Support your local farmers

Living in rural west Wales, we have an abundance of local farmers and other food-producers around us. This means that there’s a farm shop nearer than a big supermarket, as well as local producers who sell direct.

All produce comes from the farm

All produce comes from the farm

In order to make a significant dent in the great courgette mountain (there’s currently nearly 3kg of them in the fridge and more growing in the garden even as I write) I needed some extra ingredients. For example, tomatoes and onions are required for a great soup-making session (lots of green tomatoes on my plants, but only 100g of red ones awaiting use).

Blaencamel.shop

Blaencamel shop

So today I visited one of our local organic farms: Blaencamel. At the farm they have a shop. Well, I say shop, but they are too busy to serve customers, so it’s actually a shed with produce displayed inside, a notebook for you to record your purchases and a cash box, in which to leave your payment. It seems to work – I suppose there my be people who take things without paying, but I think that’s rare, and the cash box sometimes has an IOU in from a customer who didn’t have enough cash or the right change.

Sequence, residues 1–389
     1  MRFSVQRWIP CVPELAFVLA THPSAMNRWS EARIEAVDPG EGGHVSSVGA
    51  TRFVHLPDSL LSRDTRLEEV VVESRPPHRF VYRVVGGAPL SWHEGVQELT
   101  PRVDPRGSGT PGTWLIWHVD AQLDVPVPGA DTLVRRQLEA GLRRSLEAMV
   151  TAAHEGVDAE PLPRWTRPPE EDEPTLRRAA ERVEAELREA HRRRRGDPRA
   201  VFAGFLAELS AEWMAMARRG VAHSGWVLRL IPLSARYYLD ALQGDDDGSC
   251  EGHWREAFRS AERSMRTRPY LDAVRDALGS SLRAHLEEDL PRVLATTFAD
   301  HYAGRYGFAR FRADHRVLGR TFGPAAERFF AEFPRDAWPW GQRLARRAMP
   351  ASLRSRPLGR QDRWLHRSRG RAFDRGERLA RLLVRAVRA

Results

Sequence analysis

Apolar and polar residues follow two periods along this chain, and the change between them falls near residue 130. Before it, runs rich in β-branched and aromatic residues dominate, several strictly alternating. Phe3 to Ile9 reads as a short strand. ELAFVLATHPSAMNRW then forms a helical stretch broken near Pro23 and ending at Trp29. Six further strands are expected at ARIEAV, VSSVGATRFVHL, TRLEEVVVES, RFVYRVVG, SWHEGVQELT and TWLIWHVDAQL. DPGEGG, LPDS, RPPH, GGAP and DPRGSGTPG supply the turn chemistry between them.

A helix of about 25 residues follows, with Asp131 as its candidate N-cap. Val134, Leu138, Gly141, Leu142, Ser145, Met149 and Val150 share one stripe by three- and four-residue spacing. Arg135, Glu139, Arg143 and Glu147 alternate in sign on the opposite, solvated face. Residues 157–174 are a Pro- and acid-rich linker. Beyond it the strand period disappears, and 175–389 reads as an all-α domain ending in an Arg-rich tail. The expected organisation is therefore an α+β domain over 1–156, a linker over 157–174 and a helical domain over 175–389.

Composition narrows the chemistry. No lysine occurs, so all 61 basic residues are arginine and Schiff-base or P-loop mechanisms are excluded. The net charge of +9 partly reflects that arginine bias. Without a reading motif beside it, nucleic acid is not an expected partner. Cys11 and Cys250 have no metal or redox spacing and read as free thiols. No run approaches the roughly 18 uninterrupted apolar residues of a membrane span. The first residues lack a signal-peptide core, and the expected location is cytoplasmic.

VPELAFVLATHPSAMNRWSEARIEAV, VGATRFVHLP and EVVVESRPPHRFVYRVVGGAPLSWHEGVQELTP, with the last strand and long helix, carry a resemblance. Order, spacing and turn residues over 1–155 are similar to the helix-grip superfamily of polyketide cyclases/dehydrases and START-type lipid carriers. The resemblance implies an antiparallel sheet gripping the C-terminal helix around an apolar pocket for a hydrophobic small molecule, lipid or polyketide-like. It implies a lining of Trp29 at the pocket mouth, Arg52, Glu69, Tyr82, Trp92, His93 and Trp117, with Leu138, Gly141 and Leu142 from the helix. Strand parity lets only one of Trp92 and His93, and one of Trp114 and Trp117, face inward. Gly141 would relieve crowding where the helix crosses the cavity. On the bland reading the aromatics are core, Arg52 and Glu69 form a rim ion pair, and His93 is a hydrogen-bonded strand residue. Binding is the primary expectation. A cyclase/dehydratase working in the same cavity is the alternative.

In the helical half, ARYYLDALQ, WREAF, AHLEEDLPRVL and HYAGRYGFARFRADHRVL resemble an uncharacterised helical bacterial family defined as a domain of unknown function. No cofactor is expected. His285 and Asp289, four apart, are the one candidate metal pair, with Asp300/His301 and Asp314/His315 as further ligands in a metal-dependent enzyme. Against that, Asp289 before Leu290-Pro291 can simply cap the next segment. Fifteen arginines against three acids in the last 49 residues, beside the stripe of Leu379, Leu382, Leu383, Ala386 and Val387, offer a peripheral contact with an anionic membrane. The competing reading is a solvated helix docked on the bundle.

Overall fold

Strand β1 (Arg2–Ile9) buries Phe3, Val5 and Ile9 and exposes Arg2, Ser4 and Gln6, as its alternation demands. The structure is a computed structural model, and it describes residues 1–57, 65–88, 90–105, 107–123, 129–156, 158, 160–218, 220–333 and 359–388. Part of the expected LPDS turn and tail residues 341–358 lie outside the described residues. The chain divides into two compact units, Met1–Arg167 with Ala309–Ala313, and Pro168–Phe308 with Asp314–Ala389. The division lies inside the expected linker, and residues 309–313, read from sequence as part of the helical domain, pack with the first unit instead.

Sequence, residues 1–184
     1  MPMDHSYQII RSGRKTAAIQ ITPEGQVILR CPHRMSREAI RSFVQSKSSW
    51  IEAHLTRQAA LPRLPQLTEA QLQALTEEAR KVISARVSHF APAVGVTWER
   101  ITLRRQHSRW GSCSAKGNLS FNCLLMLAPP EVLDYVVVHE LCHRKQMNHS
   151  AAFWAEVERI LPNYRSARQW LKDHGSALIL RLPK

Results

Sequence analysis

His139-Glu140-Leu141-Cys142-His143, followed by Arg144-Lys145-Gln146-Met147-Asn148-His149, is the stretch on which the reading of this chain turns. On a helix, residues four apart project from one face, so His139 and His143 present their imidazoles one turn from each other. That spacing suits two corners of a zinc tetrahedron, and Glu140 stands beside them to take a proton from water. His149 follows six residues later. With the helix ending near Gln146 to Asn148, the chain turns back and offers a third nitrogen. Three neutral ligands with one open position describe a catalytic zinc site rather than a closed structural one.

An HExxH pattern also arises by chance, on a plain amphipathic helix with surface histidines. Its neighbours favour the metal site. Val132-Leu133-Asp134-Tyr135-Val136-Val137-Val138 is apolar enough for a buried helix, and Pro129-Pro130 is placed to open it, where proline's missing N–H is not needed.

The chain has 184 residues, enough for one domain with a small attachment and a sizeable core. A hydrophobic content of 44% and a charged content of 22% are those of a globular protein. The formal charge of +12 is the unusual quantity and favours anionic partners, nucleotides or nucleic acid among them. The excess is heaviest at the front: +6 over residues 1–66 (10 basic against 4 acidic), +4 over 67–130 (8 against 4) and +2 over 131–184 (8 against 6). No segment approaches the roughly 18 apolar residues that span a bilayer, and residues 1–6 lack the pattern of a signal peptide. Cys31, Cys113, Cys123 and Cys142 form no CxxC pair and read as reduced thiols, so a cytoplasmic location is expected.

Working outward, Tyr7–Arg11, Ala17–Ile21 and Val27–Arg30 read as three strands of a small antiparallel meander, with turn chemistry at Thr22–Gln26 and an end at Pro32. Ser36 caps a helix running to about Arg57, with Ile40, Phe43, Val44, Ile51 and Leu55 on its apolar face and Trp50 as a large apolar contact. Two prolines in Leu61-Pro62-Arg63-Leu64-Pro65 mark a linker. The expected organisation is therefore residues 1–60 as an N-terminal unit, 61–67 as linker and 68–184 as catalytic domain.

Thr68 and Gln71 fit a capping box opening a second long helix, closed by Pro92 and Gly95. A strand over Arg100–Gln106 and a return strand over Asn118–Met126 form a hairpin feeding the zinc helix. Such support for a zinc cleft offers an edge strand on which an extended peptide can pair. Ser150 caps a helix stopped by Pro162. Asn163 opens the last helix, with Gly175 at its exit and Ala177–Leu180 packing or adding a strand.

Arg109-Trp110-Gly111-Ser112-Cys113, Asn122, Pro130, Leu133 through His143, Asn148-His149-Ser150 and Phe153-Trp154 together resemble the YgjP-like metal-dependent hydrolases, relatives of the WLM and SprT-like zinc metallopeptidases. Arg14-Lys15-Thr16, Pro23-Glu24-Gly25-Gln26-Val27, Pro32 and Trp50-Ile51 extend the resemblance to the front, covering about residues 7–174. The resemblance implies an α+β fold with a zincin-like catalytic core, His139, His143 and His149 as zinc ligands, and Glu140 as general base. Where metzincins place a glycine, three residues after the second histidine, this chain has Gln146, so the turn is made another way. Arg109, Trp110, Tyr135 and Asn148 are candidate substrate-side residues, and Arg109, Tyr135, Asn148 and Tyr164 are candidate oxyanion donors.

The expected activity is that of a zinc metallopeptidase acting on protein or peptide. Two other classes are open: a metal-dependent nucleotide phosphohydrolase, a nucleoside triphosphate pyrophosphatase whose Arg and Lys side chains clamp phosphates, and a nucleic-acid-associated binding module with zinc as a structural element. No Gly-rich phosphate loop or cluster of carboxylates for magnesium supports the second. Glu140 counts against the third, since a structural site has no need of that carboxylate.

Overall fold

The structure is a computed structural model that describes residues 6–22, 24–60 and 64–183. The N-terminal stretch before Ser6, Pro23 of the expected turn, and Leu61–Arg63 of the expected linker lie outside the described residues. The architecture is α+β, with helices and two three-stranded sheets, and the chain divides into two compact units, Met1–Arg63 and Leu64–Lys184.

Poytunnels protect some of the crops

Poytunnels protect some of the crops

Everything they sell is from the farm, so it has only travelled a few metres in most cases. The shop is adjacent to their polytunnels and fields full of crops, so you can see exactly how your food is being produced and there is frequently someone around to talk to if you want to ask questions. In addition, you can see their big mounds of composting material – a truly organic approach. I always enjoy buying direct, and it’s particularly satisfying to be supporting the local economy as well as the environment.

Material awaiting composting

Material awaiting composting

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6 Comments

  1. Thanks for liking my post. Looks like you could use my pickled zucchini (courgettes) recipe! What a great blog you have.

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  2. That is the best kind of shopping, food steps rather than food miles. If only we could shop like that for everything. 🙂

    We used to live across the road from a dairy farm, the farmer had a fridge in the shed without shelves and kept an urn in there from the last milking. People in the know could wander in and fill up their container, leaving money in the tin. If you went up at the right time you could get it straight from the cow and have a chat with the farmer at the same time. 😀

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    • Ah yes, we used to have unpasturised milk delivered to our door by a local farmer, but when he retired, it all stopped. These days unpasturised milk seems to be treated like industrial waste and there are dire warnings about drinking it… such a shame!

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  1. More glut busting | The Snail of Happiness
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